In the process of making the organic chemicals, Illinois chemists tested and perfected the directions for their syntheses. These recipes were incorporated into a series of volumes giving carefully checked recipes for the synthesis of organic compounds. The publication Organic Syntheses, founded by Roger Adams continues to the present day.
Born in Golden, Colo., and educated at the universities of Colorado and Michigan, John Bailar became an instructor at Illinois in 1928. It was the start of a sixty-three year career in the Department of Chemistry. As a graduate student he became interested in organic isomerism, but while teaching a general chemistry course he realized that isomerism, the occurrence of different compounds with the same chemical composition, could also exist among inorganic compounds.
Bailar contributed substantially to the development of heat-resistant inorganic polymers and to the field of homogeneous catalysis. He also studied the role of coordination compounds in electrochemical processes. His investigations included their stability in solution and their function in the electrodeposition of metals.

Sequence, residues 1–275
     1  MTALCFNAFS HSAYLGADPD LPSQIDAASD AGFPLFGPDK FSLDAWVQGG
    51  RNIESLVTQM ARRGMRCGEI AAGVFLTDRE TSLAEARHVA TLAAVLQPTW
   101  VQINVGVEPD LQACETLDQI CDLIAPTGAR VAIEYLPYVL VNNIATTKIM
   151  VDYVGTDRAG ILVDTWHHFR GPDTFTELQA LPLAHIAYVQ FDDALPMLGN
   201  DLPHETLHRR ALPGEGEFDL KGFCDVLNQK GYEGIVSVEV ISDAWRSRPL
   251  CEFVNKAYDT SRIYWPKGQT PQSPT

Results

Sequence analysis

Gutowsky and his students made great advances in the early days of NMR, discovering the phenomenon of spin-spin coupling and recognizing its utility for the assignment of structure. He steadily increased the breadth of studies of the structure and molecular motion of molecules, the origin of chemical shifts in NMR spectra, and the use of NMR to identify complex organic compounds. Gutowsky and his colleagues demonstrated that NMR could be used to study exchange processes in chemical systems and to identify and characterize complex compounds.
Carl Marvel was born on a farm and grew up expecting to be a farmer. He later said his uncle, a high school teacher, urged him to study science "because the next generation of farmers was going to need scientific knowledge to get the most out of their work." Accordingly, Marvel enrolled at Illinois Wesleyan University in 1911 and discovered he enjoyed synthesizing organic compounds. 1e1e36bf2d